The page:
A Climb to Love: Passo San Boldo

A Climb to Love: Passo San Boldo

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Passo San Boldo lies in the northern reaches of the Italian Alps, and was a walking path until World War I, when the Austrians realized that traffic accidents were a less conscience-laden approach to controlling population growth than chucking mortars across a border at people who drink different alcohol than they do.  Access to the steep, one-lane mountain road is controlled by traffic lights which offer, I’m guessing, survival statistics to drivers entering the hairpin tunnels.

In truth, it looks more like a miniature golf course than a climb.  Which can, of course, mean only one thing: I. CANNOT. WAIT. TO. RIDE. IT.

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  1. Showing my ignorance here: Has this climb ever featured in the Giro?

  2. @Ron, @Nate, @Geoffrey Grosenbach, @frank

    Just to throw in another perspective…you can, in fact, rent a very nice bike, at least in Tuscany. We used this outfit in 2008 (DF Bike – Siena)and they were great. We sent our measurements over, and the bikes (for three of us) were set up to our individual specs and delivered to our lodgings, along with extra helmets, tools, tubes, tires, etc. etc. Francesco is the man.

    Obviously it’s better to ride your own steed, but with airline fees and the hassle of hauling bikes around in tiny Euro rental cars (and dealing with non riding members of your party IYKWIMAITYD), renting is becoming more viable. Just sayin’.

    BTW, Bike shipping still hasn’t become viable. There are a couple sites that offer bike shipping services / carriers, but they are inconvenient and price prohibitive.

    +1 on the Ritchey Breakaway, Frank. If I was traveling a lot to different (rideable)locations I’d definitely pick one up. Luckily (or unluckily as the case may be) my business travel is mostly domestic and weekday.

  3. @Ron

    Another thing you can do if you can’t take your own bike is to take your own pedals and shoes with you, since those will easily fit in your travel bag. Then when you go and rent a bike, throw your own pedals on so at least you get a bit of familiarity and comfort.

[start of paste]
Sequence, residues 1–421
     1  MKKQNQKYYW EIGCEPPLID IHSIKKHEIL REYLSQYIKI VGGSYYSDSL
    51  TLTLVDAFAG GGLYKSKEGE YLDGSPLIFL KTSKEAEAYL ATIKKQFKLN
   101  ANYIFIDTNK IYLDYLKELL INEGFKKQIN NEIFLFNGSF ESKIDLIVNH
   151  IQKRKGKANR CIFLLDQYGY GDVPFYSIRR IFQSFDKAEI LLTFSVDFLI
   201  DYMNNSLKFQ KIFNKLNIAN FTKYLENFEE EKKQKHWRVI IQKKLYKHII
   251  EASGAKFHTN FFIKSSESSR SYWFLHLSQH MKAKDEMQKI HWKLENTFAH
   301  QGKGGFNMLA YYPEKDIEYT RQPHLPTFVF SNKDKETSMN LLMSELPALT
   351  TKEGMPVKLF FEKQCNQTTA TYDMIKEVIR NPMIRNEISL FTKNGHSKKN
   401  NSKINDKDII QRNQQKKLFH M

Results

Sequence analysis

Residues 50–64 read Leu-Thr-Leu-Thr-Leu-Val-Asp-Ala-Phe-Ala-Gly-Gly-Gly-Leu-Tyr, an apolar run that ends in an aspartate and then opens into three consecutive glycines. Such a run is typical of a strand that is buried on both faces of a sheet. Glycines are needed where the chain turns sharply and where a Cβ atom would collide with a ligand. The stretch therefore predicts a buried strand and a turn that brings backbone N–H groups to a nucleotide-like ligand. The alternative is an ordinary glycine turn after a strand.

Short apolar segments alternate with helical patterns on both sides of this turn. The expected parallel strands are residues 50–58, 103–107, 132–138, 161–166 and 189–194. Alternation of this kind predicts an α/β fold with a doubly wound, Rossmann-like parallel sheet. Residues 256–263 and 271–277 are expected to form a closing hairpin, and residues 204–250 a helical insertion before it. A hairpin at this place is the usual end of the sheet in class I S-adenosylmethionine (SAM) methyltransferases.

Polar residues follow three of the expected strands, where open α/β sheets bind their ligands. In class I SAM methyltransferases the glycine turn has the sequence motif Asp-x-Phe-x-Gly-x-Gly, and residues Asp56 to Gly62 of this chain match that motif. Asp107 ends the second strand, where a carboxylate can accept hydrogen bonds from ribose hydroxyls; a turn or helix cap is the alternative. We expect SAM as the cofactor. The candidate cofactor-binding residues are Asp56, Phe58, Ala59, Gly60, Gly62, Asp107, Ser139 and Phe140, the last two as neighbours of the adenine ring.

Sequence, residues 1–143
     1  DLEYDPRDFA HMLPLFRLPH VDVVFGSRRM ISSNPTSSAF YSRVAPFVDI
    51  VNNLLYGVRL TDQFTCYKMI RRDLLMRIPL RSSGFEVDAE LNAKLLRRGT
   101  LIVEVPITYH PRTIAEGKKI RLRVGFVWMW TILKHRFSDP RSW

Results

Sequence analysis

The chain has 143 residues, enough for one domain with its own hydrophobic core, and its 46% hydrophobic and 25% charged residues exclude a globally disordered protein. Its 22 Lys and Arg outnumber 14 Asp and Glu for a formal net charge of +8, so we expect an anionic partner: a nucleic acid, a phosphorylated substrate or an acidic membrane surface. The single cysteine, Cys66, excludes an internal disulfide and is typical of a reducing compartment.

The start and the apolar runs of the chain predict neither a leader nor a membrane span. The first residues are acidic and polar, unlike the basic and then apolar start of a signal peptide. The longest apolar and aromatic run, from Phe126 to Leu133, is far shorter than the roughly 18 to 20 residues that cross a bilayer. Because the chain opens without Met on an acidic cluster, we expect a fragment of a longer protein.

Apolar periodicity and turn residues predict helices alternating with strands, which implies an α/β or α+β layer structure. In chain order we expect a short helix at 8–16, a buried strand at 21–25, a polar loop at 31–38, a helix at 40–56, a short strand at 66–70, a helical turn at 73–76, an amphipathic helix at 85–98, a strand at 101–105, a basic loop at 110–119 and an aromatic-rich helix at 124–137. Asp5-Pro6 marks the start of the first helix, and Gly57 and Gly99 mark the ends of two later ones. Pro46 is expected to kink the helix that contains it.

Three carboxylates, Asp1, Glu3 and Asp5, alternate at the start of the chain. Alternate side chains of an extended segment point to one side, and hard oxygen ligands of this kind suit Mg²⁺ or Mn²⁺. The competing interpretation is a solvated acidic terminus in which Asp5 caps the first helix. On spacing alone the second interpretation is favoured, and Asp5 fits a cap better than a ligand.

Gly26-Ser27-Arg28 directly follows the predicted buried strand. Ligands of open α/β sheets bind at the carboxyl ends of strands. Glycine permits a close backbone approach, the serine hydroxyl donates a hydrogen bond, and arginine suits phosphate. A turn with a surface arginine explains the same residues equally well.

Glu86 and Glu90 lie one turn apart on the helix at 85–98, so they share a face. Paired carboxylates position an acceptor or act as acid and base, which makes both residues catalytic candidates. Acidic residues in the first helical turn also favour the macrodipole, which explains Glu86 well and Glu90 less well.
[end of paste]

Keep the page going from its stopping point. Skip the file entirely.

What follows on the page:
4. when you doing this frank?
    phenomenal experience to be able to do, so enjoy it for all. I simply don’t deserve this kind of road.

  5. Thanks for all the ideas, gents.

    I’ll be in Prague from Feb. 1 – end March. I think the weather is going to make any real road riding kind of tough. (I don’t own a cross bike or a mtn. bike) I have been preparing myself to just accept not having a bike while there, though I know that is going to be difficult since I ride daily, both commuting around town and road riding.

    I don’t know if it would be worth it to bring a road bike if there is going to be plenty of snow. I thought about finding a gym and joining a spin class, at least to keep my legs in shape.

    We’ll (my VMH and I) be taking a “spring break” trip somewhere, not sure where yet. I’m pulling for Belgium or Italy. A bike would be nice in Italy, but I wonder if it would be worth it to bring one to Prague, then have to get it to Italy.

    Thoughts? It’s rough to think about eight weeks off the bike, but hey, I will have an awesome excuse to be two months away all damn spring when I return! Don’t have the cash at the moment to buy a Ritchey Break Away.

    I was just planning on doing something to stay in shape (jogging, pickup soccer, gym) and drinking a lot of beer and hopefully seeing some local pro/semi-pro ice hockey. I’m a big ice hockey fan. The time off the bike might let me focus on some other things and make me appreciate next spring/summer that much more. Then again, I get depressed when I don’t ride for just a day or two…

  6. @Ron

    Perhaps you could buy a beater off of their local Craigslist, ride it around, and re-sell it when you leave? Two months is a long time to not have a bike.

    Or just rent when you have time to ride, and enjoy some “cross training” with other activities.

  7. @cam